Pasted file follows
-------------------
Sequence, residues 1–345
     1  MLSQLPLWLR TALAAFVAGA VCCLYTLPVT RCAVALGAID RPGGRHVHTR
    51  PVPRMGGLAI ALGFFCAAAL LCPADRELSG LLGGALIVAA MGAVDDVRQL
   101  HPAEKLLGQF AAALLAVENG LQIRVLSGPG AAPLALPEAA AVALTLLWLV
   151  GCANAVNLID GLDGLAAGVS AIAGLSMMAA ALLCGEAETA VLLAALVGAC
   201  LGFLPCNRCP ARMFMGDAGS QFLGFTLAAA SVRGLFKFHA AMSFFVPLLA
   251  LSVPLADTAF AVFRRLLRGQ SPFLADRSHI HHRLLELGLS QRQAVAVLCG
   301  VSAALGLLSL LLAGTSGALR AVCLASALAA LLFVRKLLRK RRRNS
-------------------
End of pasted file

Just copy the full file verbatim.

Sequence, residues 1–345
     1  MLSQLPLWLR TALAAFVAGA VCCLYTLPVT RCAVALGAID RPGGRHVHTR
    51  PVPRMGGLAI ALGFFCAAAL LCPADRELSG LLGGALIVAA MGAVDDVRQL
   101  HPAEKLLGQF AAALLAVENG LQIRVLSGPG AAPLALPEAA AVALTLLWLV
   151  GCANAVNLID GLDGLAAGVS AIAGLSMMAA ALLCGEAETA VLLAALVGAC
   201  LGFLPCNRCP ARMFMGDAGS QFLGFTLAAA SVRGLFKFHA AMSFFVPLLA
   251  LSVPLADTAF AVFRRLLRGQ SPFLADRSHI HHRLLELGLS QRQAVAVLCG
   301  VSAALGLLSL LLAGTSGALR AVCLASALAA LLFVRKLLRK RRRNS